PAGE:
cold-weather

Are you always cold?

There is an epic battle raging between husbands and wives, roommates and co-workers every day in every corner of the country. It’s the battle over the thermostat, and it can be brutal. Everyone has a strong opinion and their own ideal temperature.

But why do we all have different temperature needs? And why does it seem like some people are always cold?

According to internal medicine physician, Lianne Marks, MD, PhD, FACP, feeling cold has more to do with our body chemistry and less to do with the environment we’re in.

“Feeling cold is most commonly related to metabolic rate,” Dr. Marks said. “If someone has a lower metabolic rate due to low thyroid levels or skipping meals, then they will feel colder.”

The doctor also said that not getting enough sleep, having anemia or having poor muscle density can also contribute to poor circulation and that nagging cold feeling.

“An imbalance of hormones can also affect temperature,” she said.

So, how can those who battle to keep the cold at bay feel warmer?

Dr. Marks suggests adopting some new behaviors to help warm you up and live peacefully with others who aren’t as chilly.

“First and foremost, go to your doctor and make sure that your thyroid levels are normal, your blood counts are normal, and you aren’t suffering from a vitamin deficiency,” she said. “If all of those things are normal, then the next step is to avoid skipping meals. This will help keep your metabolic rate up.”

The doctor said eating small, healthy, frequent meals will help to keep your metabolic rate moving quickly, burning more calories, and creating enough heat to warm you.

Here are few other suggestions that will help you keep warm in any environment.

  • Avoid junk food – Heavy, greasy foods and sweets can make the problem worse in terms of your metabolic rate.
  • Eat healthier meals – include meat, protein and lots of fiber to keep your body fueled and burning calories to make heat.
  • Make sure your core is warm – wear sweaters, coats and other warm clothing on your body when you’re in cold weather. This will help to pump warm blood toward your extremities (fingers, toes, etc.).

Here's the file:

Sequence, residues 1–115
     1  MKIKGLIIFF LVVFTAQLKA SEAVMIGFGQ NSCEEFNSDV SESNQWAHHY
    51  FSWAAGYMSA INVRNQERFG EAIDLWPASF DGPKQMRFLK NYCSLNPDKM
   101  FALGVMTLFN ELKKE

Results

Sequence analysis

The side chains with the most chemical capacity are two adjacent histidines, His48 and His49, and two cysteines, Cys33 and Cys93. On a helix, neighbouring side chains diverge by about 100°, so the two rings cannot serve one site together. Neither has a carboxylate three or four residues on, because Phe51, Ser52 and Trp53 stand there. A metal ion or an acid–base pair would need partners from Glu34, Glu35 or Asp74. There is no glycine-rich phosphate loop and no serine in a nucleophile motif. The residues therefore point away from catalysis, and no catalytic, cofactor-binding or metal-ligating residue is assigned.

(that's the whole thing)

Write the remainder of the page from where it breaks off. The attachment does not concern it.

• Exercise – working out increases your muscle mass over the long term, and improves your metabolic rate.

Although in most cases so-called “cold natured” people are simply cold because they are overtired, under nourished or anemic, there are some medical conditions that can cause that excessive cold feeling.

That is why, according to Dr. Marks, it is important for patients to see their doctors if they can’t seem to warm up.

“I had one patient who came to see me, and her only complaint was that she was cold all of the time,” she said. “It turned out that she had severe anemia that was the result of colon cancer.”

Although there are many ways to combat the cold feeling, there are some causes of the constant chill that aren’t curable—like aging.

“Unfortunately, that’s something that’s not very treatable,” Dr. Marks said. “It’s very common for [older people] to feel cold. We think it’s related to hormone fluctuations and a generalized slowing of a person’s metabolic rate as they age.”

Even though there’s no way to reverse the effects of aging, eating small, frequent meals, exercising and employing some of the other behaviors Dr. Marks suggested can also help elderly people warm up as well.

So, the next time you feel that icy chill creep up on you, try one of the doctor’s methods before changing the temperature on the thermostat and upsetting those around you.

Do you always feel cold? What ways have helped you warm up?

About the author

Jessa McClure
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Jessa McClure holds a degree in journalism and mass communication from the University of Mary Hardin-Baylor in Belton, TX, where she is currently an adviser for student publications. She has been a writer in the health care field since 2009.

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Are you always cold?